Reading out loud is surprisingly hard on my voice, help?
May 15, 2018 9:50 PM   Subscribe

I expect to read out loud a fair amount in the coming years. It's surprisingly hard on my voice. I assume we've developed technique for speaking continuously for 15-60 minutes at a time. How do I learn that?

I only need to produce a conversational volume, and at least for the moment I don't need to do different voices or sound effects.
posted by meaty shoe puppet to Education (14 answers total) 7 users marked this as a favorite
Private voice lessons that actors would traditionally take to prepare for theatrical performance could be helpful. I think a vocal coach could help you find out if there is a specific way you are straining your voice, and then coach you to improve/reduce strain. It will also help build your breath support, which might be helpful as well.

I'm personally a big fan of Fitzmaurice voice work. If nothing else that could be a good starting point to search around for resources. Best of luck!
posted by sweetjane at 12:35 AM on May 16, 2018 [1 favorite]

Vocal warm ups, and lubrication- a glass of water can help. Taking breaks to have a sip works- although reading between the lines I guess this might be a reading to small children situation? Staying hydrated also helps voice work.

Practice makes perfect.

My qualifications are that I am a teacher, and use my voice quite a bit!
posted by freethefeet at 1:02 AM on May 16, 2018 [1 favorite]

I assume we've developed technique for speaking continuously for 15-60 minutes at a time. How do I learn that?

Reading bedtime stories for the kids is what did it for me. There was just a natural progression from short picture books to longer chapter books over the years, and the discomfort at the end of a session was never too bad.
posted by flabdablet at 2:53 AM on May 16, 2018

Seconding hydration. Even if you're not able to pause for sips of water during, drink a glass before and a glass after your reading. If I'm lecturing for more than an hour at a stretch, I'll find myself dehydrated afterward, as if I'd gone for a run. Treat it like exercise: warm-ups and hydration! You might also consider running a humidifier, depending on your climate, and avoiding caffeine and alcohol-containing / harsh mouthwashes and gargles.

A singer friend of mine swore by Singer's Saving Grace throat spray for those occasions the voice does get overworked.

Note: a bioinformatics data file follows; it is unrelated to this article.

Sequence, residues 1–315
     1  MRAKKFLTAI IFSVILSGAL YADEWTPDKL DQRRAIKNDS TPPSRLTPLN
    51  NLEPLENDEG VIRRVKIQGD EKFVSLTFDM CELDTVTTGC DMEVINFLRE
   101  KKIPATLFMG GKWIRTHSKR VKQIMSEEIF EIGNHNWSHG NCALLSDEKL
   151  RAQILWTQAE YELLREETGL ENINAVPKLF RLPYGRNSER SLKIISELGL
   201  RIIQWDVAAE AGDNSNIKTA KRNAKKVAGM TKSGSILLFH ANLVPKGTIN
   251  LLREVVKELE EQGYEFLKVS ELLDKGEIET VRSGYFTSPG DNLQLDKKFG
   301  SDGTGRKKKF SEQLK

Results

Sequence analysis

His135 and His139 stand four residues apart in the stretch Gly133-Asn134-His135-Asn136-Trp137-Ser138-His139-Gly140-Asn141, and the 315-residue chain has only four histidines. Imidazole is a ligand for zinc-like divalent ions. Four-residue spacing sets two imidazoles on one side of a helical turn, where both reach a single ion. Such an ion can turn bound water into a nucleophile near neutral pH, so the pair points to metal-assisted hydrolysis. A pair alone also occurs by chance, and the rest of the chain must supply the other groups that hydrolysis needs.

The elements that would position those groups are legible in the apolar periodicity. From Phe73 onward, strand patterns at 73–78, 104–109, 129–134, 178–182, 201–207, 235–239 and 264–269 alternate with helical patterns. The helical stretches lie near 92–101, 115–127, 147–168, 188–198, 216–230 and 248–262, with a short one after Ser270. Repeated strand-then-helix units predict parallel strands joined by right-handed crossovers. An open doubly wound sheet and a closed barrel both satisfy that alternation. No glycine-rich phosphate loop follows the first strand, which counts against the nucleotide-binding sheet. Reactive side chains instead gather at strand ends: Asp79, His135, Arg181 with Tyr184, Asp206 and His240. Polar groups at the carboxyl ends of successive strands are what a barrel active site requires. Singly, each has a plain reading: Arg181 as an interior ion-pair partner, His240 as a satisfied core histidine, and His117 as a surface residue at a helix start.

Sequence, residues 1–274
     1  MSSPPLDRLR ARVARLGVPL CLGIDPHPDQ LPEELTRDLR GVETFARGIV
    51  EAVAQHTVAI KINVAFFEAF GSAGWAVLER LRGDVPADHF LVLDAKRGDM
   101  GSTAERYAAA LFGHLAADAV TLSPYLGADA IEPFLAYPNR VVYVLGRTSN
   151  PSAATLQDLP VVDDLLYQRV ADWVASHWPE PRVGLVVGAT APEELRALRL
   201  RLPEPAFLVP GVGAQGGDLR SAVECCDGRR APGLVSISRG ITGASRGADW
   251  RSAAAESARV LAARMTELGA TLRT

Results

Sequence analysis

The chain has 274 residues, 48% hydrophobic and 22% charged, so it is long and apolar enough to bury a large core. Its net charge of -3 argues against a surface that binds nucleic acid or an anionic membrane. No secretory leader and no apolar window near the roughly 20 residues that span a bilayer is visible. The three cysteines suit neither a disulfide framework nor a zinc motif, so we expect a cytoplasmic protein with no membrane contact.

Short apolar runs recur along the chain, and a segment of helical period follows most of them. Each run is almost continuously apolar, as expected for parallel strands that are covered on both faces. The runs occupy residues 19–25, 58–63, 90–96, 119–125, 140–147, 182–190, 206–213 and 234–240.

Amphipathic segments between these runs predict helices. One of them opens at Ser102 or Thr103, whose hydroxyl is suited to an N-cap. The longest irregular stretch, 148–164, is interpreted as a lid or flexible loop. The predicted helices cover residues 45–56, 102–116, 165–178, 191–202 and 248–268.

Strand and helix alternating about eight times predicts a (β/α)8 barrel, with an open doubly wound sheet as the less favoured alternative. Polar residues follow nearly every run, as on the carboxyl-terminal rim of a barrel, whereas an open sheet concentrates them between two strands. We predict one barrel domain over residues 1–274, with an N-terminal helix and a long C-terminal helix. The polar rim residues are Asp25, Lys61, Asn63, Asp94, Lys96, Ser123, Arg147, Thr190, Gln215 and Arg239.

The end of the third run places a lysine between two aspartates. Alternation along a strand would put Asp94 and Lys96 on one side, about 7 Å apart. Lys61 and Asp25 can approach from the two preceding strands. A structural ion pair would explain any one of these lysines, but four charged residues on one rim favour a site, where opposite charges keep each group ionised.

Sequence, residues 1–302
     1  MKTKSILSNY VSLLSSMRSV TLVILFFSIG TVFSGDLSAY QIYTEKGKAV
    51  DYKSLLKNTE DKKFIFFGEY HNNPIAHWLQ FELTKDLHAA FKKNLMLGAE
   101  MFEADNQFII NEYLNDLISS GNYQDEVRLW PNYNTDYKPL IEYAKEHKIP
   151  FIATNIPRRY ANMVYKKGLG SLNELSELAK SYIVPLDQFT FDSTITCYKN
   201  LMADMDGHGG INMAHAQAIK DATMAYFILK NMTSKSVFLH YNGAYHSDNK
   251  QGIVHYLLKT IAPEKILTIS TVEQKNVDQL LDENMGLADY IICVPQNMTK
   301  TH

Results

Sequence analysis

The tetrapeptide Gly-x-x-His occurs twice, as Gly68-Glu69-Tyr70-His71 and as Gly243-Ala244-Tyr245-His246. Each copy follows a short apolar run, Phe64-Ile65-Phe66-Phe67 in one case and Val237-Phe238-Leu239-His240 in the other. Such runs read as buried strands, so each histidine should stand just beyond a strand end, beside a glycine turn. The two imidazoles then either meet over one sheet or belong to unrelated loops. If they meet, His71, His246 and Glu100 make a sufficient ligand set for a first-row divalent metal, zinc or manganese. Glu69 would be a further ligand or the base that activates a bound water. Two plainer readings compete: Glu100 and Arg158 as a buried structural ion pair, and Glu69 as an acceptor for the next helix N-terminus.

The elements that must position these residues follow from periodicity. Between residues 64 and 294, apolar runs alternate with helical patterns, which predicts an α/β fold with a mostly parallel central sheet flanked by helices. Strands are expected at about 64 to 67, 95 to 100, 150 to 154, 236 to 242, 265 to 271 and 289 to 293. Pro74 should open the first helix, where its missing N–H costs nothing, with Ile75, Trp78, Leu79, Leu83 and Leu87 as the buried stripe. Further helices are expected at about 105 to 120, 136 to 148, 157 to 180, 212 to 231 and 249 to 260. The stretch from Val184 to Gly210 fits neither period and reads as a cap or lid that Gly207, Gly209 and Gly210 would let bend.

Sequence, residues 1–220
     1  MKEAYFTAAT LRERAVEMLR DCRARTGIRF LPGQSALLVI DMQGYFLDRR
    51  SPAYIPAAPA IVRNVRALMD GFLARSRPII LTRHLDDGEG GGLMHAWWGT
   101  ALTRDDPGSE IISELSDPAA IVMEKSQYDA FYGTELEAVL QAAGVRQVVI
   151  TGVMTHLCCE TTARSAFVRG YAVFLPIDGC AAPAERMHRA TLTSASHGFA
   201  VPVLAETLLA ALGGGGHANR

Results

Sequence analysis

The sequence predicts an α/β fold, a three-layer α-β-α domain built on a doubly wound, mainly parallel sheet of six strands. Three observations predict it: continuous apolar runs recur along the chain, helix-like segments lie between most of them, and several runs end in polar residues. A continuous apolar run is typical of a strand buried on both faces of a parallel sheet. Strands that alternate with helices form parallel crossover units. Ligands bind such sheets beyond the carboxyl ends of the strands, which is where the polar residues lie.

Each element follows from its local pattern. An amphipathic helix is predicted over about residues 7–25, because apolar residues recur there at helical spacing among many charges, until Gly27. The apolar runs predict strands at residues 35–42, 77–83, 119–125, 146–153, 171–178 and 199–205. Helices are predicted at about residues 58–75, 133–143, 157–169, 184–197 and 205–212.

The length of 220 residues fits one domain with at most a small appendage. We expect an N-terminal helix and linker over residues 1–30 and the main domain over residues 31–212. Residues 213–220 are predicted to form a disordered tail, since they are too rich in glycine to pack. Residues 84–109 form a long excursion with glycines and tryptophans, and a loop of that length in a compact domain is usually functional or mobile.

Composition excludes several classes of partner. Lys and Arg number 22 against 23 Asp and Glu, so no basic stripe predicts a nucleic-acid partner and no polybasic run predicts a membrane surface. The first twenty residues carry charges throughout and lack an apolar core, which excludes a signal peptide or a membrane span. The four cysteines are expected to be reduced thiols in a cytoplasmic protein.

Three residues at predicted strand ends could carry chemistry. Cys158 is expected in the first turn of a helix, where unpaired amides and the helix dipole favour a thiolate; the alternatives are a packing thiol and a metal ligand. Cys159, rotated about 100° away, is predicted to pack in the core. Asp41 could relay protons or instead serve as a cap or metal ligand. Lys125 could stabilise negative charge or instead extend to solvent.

posted by halation at 5:20 AM on May 16, 2018 [2 favorites]

I felt a lot of strain every time I gave a presentation, so I went to see a voice coach and got some good advice and massage/vocal exercise techniques to warm up. To be honest, I don't do the exercises often, but just understanding what I could do differently was helpful.

I also found the book The Sound of Your Voice by Dr. Carol Fleming very helpful! I bought it as an Audible audiobook.
posted by beyond_pink at 6:41 AM on May 16, 2018 [1 favorite]

Yes to water, before, after, and during if you can manage it. Even if you don't have to "do the voices," vary your vocal pitch a bit. If you have vocal fry, train yourself out of it now.

I'm not sure if you are talking about reading to small children, as suggested, but 15-60 minutes strikes me as quite long for storytime, even for pre-reader elementary kids.
posted by basalganglia at 6:46 AM on May 16, 2018 [1 favorite]

One of the biggest issues can be breath support. Make sure you're taking full, deep breaths that allow your voice to carry naturally, rather than 'squeezing out' sound on a half-empty tank, so to speak.
posted by Ausamor at 8:20 AM on May 16, 2018 [1 favorite]

The best way to learn is to find a coach for public speaking. Efficient voice control involves learning proper posture, breath support, and decoupling the production of sound from the movement of air. A voice coach will do more to help you with this than anything else. If you can keep your neck and shoulders relaxed and breathe "from the diaphragm" then you will find that your voice resonates more without having to push. Singer's note: this breathing technique is misnamed: breath support when exhaling (to sing or speak) actually comes from the controlled contraction of abdominal muscles.